Question 1:  Read the passage given below and complete the statements that follow:

(1) Tourists to Jammu and Kashmir have another attraction – a floating post office on the Dal Lake in Srinagar, the first in the country. ‘Floating Post Office, Dal Lake’ – claimed to be the only one such post office in the world – is built on an intricately carved maroon houseboat, fastened on the western edge of the Dal Lake.

Saturday, 30 November 2019

CBSE Class 6,7,8 - English - Reading Comprehension (Set-14)(#readingcomprehension)(#eduvictors)

English - Reading Comprehension (Set-14)

CBSE Class 6,7,8 - English - Reading Comprehension (Set-14)(#readingcomprehension)(#eduvictors)


Level: Easy 

Directions: Read the following passage carefully and the answer the MCQs given below.

BEES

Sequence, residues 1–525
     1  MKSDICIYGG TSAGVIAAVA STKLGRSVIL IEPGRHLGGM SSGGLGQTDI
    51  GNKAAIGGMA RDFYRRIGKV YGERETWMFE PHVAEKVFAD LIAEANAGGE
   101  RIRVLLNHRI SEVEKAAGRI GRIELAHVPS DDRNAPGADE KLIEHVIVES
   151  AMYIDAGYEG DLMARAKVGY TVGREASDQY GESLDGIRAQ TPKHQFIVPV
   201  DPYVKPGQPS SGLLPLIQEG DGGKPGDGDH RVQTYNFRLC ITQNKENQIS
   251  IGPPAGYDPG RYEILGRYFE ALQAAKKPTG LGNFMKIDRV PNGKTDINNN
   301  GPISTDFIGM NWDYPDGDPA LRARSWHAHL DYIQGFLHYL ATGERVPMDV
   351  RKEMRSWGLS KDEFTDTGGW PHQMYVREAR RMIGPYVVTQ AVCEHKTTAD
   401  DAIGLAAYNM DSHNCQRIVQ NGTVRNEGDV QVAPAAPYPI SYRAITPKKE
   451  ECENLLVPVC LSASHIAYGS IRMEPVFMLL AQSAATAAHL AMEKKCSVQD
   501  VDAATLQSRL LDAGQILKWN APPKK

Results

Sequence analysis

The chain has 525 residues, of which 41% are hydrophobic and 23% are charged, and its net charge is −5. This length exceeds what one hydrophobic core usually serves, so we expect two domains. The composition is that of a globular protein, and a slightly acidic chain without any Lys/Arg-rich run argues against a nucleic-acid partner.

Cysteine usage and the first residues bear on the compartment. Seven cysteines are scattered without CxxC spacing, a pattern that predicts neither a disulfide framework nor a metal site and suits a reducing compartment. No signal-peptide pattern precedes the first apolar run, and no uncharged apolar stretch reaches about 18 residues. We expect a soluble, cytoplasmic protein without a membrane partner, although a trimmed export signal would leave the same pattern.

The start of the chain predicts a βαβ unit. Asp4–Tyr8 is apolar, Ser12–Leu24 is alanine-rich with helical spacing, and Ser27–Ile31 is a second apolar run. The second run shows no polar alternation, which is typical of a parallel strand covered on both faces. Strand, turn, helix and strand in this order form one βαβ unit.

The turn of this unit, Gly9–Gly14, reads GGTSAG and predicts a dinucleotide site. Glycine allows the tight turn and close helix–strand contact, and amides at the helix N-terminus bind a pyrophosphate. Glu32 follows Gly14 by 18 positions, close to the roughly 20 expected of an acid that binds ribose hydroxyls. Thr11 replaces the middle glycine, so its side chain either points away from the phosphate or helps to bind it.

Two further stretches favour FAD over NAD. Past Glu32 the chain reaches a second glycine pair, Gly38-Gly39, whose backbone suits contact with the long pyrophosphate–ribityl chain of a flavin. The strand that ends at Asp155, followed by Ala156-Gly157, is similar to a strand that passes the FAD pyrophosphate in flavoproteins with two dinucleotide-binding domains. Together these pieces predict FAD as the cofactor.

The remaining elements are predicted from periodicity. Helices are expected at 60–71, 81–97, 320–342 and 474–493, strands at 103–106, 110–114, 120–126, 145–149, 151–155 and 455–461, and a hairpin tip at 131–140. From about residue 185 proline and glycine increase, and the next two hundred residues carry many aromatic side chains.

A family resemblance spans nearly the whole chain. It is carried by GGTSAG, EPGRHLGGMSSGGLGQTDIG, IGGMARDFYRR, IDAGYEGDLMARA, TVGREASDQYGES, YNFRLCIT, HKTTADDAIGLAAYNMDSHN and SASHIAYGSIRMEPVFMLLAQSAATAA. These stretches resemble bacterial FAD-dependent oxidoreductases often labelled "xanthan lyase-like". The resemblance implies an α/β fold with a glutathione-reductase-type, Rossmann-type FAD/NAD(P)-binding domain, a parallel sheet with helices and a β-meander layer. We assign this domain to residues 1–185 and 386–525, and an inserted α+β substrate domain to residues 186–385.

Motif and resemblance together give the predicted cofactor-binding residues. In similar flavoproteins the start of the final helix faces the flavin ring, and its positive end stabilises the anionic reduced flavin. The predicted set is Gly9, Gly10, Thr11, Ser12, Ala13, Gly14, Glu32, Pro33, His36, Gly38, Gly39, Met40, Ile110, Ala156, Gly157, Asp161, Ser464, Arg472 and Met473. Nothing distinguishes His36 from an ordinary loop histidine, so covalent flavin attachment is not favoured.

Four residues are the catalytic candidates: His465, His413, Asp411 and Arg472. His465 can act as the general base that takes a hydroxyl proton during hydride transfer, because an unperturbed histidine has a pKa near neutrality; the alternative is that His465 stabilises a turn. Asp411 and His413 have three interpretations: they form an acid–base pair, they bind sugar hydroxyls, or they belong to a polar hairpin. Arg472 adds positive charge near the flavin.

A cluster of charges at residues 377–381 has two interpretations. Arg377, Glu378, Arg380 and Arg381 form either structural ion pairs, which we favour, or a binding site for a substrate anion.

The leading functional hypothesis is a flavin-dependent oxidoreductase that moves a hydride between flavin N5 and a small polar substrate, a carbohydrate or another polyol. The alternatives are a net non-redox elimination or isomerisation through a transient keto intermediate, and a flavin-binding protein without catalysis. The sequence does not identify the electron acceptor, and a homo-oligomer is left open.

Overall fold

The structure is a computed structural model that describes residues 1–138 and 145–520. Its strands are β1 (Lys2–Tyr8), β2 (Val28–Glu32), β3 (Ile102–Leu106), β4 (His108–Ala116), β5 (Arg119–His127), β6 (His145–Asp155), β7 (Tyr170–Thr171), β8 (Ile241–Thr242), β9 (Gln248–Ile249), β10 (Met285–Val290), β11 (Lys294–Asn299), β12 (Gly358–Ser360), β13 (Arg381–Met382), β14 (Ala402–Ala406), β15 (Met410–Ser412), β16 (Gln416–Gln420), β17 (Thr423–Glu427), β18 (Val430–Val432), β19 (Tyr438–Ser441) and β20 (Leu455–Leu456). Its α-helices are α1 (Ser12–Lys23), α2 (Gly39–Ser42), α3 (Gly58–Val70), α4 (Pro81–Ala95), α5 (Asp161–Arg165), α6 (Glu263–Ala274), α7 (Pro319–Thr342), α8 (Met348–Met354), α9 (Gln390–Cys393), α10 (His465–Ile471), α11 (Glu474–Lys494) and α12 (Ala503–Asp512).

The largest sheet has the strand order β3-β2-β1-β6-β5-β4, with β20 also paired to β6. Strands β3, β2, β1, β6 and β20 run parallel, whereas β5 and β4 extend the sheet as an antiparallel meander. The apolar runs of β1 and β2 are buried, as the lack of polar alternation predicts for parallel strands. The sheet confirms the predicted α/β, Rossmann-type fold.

Bees are insects. Bees are special insects because they can fly! They can move through the air like an aeroplane! Bees can fly because they have wings. They use their wings to fly. Bees can fly fastly.Bees can also fly slowly. They can fly up and they can fly down. They need to fly to get to the flowers. Bees can have three colours. They can be yellow, red and orange. All bees are black in some places. Bees have three main parts. They have a head. They have a body. And, they have a stinger. The stinger is used to defend against enemies. They also have six legs. They use their legs to climb and stand. They also use their legs to eat and collect pollen. Bees live in many places. They live in Africa, Australia, Asia, Europe, North America, and South America. The only continent that bees do not live on is Antarctica! I understand why they don’t live in Antarctica. It’s too cold! Most of the time, bees are nice to humans. If you do not bother them, they will not bother you. Have fun watching bees this summer.